Like rock and roll, chalkboards are dead.
Sure, you might find chalkboards (complete with pithy sayings in chalk) popping up as decorative items in homes and businesses. They are also still used in hipster lunch hangouts to advertise the latest organic sandwich specials.
But chalkboards as a method of classroom teaching delivery? Done.
Don’t think the now ubiquitous whiteboard has cemented its place as the classroom wall writing implement of choice. It may also soon die.
Smart boards – aka interactive whiteboards – are now the thing.
Who would want to use a flat, lifeless blackboard or whiteboard, when, with the use of smartboard software, that same board can become a fully interactive, engaging teaching tool?
Once you have the equipment set up, all it takes is a smartboard download of the software and smartboard drivers, and you have an amazing tool to use.
Chalkboards: A Little Trip Down Educational Memory Lane
A chalkboard, also known as a blackboard, is a board that can be written on with chalk. Boards were originally made with slate stone, which was black or dark grey.
The first slate blackboards were manufactured in the 1840s. In the 1960s, the now more well-known green chalkboards came on the market. These were usually made with porcelain enamel on a steel base.
“Chalkboards” can also be made now with a special paint that can simply be put onto a regular wall or any surface that can hold the paint.
While some still prefer an old-fashioned chalkboard to the more modern non-interactive whiteboard, whiteboards started to replace chalkboards in the 1990s. Part of the reason was the concern over chalk dust allergies with children.
Why do some think chalkboards are superior? For one, the chalk can sometimes be more easily removed than the ink used with whiteboards. Chalk is more versatile in terms of drawing lines of various thicknesses. Chalk is also cheaper to replace than whiteboard pens.
The Once Ubiquitous Overhead Projector
Prior to the adoption of whiteboards, however, schools starting in the 1960s utilized overhead projectors. These were a mainstay of classrooms. When the chalkboard wasn’t enough, the overhead projector was used.
This was, in some respects, the interactive whiteboard of the past.
Overhead projectors had a flat bed with light shining through it, almost like a scanner bed. Transparent sheets would be placed on the bed. A vertical arm with the projector device hovered over the bed. Using mirrors, it would reflect the image on the projector bed to the screen or wall.
Overhead projectors made it possible to reuse transparent sheets, or even layer sheets on top of each other. Some sheets were pre-printed with educational materials or diagrams. Others were simply clear plastic, and written on with markers similar to the ones used for whiteboards.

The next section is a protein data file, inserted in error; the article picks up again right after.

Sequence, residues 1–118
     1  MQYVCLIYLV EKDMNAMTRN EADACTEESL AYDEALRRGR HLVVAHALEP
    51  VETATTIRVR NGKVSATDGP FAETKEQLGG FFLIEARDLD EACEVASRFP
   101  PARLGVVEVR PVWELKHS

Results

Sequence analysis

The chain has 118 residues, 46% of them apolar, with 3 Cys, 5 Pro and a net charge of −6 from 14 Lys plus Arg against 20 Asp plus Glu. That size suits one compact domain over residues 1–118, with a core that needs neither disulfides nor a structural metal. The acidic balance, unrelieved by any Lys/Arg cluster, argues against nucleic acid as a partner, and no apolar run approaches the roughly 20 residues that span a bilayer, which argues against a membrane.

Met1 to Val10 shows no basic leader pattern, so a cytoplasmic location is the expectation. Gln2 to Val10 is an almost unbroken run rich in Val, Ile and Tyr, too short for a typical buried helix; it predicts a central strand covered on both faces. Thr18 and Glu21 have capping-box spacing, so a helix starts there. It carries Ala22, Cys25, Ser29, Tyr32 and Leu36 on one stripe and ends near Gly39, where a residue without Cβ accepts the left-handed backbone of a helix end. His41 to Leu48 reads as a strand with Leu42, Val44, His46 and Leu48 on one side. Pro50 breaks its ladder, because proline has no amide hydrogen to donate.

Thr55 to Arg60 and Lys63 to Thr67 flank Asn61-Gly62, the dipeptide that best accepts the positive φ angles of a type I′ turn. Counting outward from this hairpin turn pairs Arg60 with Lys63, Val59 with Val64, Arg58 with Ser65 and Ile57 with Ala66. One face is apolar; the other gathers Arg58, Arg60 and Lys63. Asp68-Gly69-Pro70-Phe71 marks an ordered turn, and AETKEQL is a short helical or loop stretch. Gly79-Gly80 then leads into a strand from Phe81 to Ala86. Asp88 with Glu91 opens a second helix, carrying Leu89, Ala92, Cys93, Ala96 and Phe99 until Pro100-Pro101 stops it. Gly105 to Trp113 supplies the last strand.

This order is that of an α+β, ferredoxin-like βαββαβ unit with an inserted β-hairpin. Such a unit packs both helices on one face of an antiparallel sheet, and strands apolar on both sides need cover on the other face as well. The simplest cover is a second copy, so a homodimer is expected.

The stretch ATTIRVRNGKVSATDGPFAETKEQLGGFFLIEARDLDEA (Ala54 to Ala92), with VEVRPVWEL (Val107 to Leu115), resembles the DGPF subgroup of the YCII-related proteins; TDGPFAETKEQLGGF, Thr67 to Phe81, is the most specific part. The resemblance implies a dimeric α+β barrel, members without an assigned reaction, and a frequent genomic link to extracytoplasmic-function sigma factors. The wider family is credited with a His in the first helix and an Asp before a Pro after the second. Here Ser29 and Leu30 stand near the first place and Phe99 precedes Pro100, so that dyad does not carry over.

Overhead projectors are still in use but waning. Kids today are much more engaged with newer projection technology, such as 3D projectors.
Enter the Smart Board as an Educational Tool
Interactive whiteboards, aka smart boards, started to enter the educational landscape in the 2000s.
(The term “interactive whiteboard” is the generic term for the boards. The term “smart board” –sometimes spelled “SMART Board” or “smartboard” – is a brand name from the company Smart Technologies. However, like the term band-aid, smartboard may soon become a generic term as well.)
These interactive boards have evolved over the years. The earlier ones used an overhead projector, while newer ones included the display and processing power all within the board itself.
Because they can effectively display anything a computer can display, they have almost unlimited options in terms of what they can present. They are, as their name suggests, highly interactive.
These boards go beyond traditional chalkboards and whiteboards in that students can interact with them directly and get instant feedback from the program. Rather than just being a lecture tool, or a place to write a math answer for everyone to see, the smart board can fully engage students.
The main downside of smartboard technology is that it does require some technical maintenance, much like a computer. There is, of course, the added technical complexity of an external computer or device that may be used to access the board. Smartboard drivers need updating sometimes. And a smart driver updater may not be as easy to use as it should be, depending on the operating system of the connecting computer or laptop.
Will 3D Projectors and Smart Boards Merge Someday?
As classroom technology evolves, new and more exciting ways to engage students will be developed. The chalkboard was revolutionary in its day. It allowed teachers to share information and emphasize points of their lecture by writing information on the spot.
The whiteboard improved upon the chalkboard by making it less dusty and easier to read. Overhead projectors also provided a way for teachers to use diagrams and information to add visual interest to lectures.
Interactive whiteboards up the game through compelling graphics, visuals, and even sound to help engage students. With 3D projectors already popular, will the “chalkboards of the future” be fully interactive 3D holograms? We shall see.